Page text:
What’s more, the Biden Administration, along with their allies in the media, have managed to insulate themselves from the economic downturn the country is currently enduring. Despite what all the masters of the universe types insist upon, this country is undergoing what some have referred to as a “masked recession.” 

As the name suggests, economic data that would ordinarily prove an economic downturn has been hidden away or redefined by the compliant media and bureaucracy in order to better shield President Biden and the Democrats in the run-up to the 2024 Presidential Election. 

Two months after the GDP growth numbers were released for Quarter Four of 2022, the US government quietly downgraded those numbers. On multiple occasions over the last few years, the government has been made to revise their jobs numbers down, long after they released higher numbers to the public. 

No one is reporting the fact that there are now more cars being built in China than in the United States. Everywhere one looks in America today, economic tightening can be seen and felt. And let’s not even start talking about inflation and interest rates.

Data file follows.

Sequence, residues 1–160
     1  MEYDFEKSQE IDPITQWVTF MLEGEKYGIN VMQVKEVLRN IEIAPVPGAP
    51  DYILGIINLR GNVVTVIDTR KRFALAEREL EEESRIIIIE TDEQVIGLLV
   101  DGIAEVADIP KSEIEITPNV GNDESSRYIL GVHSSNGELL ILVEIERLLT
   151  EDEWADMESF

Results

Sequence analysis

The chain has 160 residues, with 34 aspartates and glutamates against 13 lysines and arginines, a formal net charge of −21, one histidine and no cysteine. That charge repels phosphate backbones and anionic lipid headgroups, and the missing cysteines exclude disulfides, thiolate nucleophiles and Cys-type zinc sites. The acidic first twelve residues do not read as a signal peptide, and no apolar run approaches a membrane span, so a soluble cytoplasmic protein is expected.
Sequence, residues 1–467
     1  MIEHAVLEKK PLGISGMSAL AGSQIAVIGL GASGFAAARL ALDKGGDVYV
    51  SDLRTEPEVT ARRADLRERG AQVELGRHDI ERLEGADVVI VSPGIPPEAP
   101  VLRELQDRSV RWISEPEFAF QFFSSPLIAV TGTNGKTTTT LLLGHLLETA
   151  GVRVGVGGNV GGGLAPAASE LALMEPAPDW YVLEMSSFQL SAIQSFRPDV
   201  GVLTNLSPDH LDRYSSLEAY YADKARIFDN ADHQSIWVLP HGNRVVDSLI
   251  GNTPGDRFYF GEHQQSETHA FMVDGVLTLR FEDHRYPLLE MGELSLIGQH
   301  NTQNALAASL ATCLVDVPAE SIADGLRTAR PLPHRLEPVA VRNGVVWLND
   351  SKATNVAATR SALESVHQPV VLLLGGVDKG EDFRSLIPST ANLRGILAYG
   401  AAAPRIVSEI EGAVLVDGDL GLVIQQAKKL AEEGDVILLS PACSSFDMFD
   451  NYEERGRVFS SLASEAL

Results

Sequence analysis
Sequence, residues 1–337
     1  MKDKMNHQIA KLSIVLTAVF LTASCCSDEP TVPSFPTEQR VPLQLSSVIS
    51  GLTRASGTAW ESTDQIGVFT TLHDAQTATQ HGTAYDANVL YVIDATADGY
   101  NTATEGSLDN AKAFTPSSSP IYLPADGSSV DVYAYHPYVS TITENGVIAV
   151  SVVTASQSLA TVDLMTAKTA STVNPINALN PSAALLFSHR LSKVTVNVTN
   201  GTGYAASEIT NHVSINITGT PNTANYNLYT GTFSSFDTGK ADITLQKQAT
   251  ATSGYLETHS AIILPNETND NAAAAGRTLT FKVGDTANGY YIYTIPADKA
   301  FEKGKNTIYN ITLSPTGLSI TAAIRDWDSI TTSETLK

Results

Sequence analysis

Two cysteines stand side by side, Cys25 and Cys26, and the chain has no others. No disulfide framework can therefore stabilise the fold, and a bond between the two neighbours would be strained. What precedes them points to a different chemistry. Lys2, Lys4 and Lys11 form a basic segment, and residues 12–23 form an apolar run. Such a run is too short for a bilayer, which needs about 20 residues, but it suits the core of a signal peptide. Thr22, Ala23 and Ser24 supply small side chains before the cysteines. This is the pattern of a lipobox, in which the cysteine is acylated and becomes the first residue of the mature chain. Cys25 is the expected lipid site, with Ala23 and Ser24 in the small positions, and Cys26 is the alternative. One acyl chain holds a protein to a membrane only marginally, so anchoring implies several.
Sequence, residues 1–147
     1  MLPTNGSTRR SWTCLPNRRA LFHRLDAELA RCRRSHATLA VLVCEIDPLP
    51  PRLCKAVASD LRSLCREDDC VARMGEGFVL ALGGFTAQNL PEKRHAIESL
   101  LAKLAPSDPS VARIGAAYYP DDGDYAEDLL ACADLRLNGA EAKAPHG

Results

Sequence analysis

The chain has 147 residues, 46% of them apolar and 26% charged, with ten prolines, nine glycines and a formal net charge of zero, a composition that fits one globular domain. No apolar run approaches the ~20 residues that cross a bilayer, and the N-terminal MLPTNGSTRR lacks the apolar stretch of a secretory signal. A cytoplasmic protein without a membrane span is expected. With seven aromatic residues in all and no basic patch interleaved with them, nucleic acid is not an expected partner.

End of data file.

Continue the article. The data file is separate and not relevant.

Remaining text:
Any other president—notably a Republican one—would be eviscerated in the press and likely stand little chance at reelection.

This is not so for Biden.

If the GOP moves ahead with its plan to force a default on America’s debt by refusing to raise the debt ceiling this summer, that will only be another nail-in-the-coffin for the GOP. An extraordinary number of ordinary Americans will be disproportionately hurt by the default that the House Republicans appear intent on creating. 

Many Republicans clearly believe that driving the national economy off the cliff by refusing to raise the debt ceiling will somehow prompt Americans to—finally—see the error in supporting Democrats and their massive deficit spending policies. At last, voters will blame the president rather than the House GOP, who drove the economy off the cliff. Donald Trump will be able to win reelection easily.

Sorry, that isn’t how this is going to work. 

For Voters, Voting for Donald Trump is a Statement (as is Voting Against Him)